Frozen
Five Stars (out of five). Released by Warner Premiere Home Video. Running time 75 minutes. Rated PG. Equipped with closed captions and English Subtitles. DVD has music videos and "Let It Go" the end credit version. This was reviewed on DVD on March 24, 2014.

Yes, I've seen the Yeti. He lives just down the block from me! When I set out to watch Frozen, I did so with great reluctance. This looked like another one of these Disney "princess" films that they trod out every few years or so that hook little girls with a ridiculous story about supposed "girl empowerment" that actually feeds them the outmoded 1950s sensibility that they can only be happy once they find the right guy (usually a charming prince). Also, right at the time I saw this (late March) I was coming off an epically brutal winter season that saw three feet of snow surrounding my little house--so, in addition to me not being apart of its target audience, Frozen really wasn’t very high on my viewing list.

Olaf: High Mountain Ranger: coming to TV this fall! But the very first thing that’s noticeable is how frigging gorgeous Frozen looks. Seriously, the imagery is so crisp and well-detailed (even scenes that are set in deep snow) that this movie just begs to be watched in high-def. And the music is presented as an all-out, snark-free musical presentation, with some of the songs--like the popular "Let It Go"--being very good. The story, about two princesses in a Scandinavian kingdom, is thankfully far different than the usual odious ‘keep-the-little-woman-in-her-place’ fantasy that would have been approved by his royal highness Walt Disney.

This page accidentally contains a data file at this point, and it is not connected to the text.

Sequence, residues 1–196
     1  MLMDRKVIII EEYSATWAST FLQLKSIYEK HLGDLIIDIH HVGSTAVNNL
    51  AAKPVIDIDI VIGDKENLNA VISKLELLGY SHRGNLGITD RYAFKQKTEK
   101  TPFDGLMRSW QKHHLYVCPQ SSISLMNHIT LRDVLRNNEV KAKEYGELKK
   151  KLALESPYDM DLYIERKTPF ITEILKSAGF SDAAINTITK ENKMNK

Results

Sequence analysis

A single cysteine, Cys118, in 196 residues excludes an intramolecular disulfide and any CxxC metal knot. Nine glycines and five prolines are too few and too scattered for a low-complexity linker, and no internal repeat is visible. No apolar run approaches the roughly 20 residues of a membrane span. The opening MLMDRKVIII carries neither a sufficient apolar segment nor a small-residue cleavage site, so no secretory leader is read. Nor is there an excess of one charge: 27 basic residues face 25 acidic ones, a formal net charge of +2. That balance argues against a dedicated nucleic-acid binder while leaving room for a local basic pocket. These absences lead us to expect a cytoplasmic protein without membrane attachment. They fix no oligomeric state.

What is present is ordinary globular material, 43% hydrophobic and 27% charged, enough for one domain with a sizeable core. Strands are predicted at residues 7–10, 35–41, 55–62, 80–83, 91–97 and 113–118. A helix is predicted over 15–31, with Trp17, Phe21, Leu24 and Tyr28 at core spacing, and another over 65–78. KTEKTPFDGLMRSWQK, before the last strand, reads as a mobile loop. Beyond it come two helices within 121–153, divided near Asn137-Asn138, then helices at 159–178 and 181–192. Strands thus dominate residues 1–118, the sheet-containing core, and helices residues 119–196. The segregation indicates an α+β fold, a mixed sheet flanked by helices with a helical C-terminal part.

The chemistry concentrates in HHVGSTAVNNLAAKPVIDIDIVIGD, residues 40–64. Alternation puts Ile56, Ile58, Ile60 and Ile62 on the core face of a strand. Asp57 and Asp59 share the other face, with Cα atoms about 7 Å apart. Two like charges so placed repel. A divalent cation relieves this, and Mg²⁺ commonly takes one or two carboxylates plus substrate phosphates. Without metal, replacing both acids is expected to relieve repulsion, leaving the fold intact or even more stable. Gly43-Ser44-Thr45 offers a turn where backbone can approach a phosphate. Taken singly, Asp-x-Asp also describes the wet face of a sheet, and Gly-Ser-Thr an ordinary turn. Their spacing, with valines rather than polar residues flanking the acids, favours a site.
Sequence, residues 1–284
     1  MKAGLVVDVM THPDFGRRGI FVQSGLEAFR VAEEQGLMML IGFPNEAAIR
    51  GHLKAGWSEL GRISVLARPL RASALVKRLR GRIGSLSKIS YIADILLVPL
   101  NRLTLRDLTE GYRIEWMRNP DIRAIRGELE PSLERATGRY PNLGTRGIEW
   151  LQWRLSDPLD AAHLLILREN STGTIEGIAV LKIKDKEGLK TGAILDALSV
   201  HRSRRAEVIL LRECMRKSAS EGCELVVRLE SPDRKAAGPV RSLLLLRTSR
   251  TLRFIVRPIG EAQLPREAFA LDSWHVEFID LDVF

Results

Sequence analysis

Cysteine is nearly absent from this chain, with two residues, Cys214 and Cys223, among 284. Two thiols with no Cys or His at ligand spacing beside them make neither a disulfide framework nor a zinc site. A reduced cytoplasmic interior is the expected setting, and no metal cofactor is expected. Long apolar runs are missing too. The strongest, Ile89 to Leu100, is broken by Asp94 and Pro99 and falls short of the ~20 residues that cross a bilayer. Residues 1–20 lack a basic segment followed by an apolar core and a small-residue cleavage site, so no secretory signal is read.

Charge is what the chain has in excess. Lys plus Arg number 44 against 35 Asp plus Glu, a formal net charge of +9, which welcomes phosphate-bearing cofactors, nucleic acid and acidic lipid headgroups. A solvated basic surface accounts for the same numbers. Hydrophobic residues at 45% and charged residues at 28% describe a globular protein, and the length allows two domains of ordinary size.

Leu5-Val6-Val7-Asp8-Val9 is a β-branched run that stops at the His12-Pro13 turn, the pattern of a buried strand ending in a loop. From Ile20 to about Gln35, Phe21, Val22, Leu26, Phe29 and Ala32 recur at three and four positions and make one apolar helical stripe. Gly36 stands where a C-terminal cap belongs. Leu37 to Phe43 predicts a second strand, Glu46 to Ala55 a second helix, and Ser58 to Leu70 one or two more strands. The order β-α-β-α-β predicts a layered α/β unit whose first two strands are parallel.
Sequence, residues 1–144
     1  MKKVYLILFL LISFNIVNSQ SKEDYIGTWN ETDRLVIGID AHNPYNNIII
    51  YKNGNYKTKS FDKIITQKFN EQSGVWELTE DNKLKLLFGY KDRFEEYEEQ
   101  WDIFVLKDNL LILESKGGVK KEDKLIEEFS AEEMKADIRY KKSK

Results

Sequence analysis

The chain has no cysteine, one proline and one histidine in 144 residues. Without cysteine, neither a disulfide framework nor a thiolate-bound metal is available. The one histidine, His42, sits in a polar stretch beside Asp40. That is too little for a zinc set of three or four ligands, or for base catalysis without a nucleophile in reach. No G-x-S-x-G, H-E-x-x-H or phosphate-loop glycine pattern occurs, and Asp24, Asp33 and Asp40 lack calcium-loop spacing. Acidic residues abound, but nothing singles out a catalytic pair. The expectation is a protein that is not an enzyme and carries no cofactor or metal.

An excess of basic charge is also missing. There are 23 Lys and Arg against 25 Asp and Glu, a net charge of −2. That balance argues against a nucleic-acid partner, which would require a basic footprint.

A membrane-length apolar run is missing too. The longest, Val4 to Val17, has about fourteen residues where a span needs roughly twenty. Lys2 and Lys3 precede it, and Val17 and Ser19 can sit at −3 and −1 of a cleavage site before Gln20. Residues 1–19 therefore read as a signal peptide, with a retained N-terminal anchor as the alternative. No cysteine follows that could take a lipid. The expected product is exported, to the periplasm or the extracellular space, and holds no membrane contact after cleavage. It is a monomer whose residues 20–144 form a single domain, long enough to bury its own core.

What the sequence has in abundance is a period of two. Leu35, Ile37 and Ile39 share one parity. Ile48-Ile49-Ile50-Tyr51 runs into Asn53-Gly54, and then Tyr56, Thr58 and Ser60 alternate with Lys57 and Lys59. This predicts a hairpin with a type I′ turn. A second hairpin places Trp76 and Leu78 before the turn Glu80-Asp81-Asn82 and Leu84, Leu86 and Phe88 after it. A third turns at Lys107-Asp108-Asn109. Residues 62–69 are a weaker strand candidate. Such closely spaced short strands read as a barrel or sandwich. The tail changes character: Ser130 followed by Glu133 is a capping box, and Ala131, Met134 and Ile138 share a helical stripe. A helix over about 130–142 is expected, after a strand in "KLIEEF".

Caught in the act while trying to dump another body.... Anna (voiced by Kristen Bell) is the younger sister to Elsa (Idina Menzel), who becomes the ruling queen of their little realm when she comes of age. With their parents lost at sea, Elsa has to struggle to lead their kingdom, all while hiding a secret. She has mutant powers which enable her to create snow and ice. A misunderstanding between the sisters causes Elsa to flee the kingdom, now locked in perpetual winter, after her abilities have been outed. Anna swears to go find Elsa and bring her home, with the help of Kristoff (Jonathan Groff), his reindeer Sven and Olaf the snowman (Josh Gad).

FYI, sis: the name of the song is Let It Go, not Let It Snow! With the emphasis being strictly on girl power this time, specifically on the bond between sisters, Frozen actually shows that it’s not only unrealistic for a girl to fall for her ‘prince charming’ right away, but it’s also not a very good idea. The fast-paced storyline has a lot more sensible nuggets of knowledge like that, but it manages to imbue these nuggets without getting sappy nor preachy. While Olaf was obviously created to be the comic relief, he’s not so over the top stupid that you want him to die violently. This was a pleasant surprise in how it was fun and enjoyable, with a decent underlying message. Welcome to the 21st century, Disney. --SF

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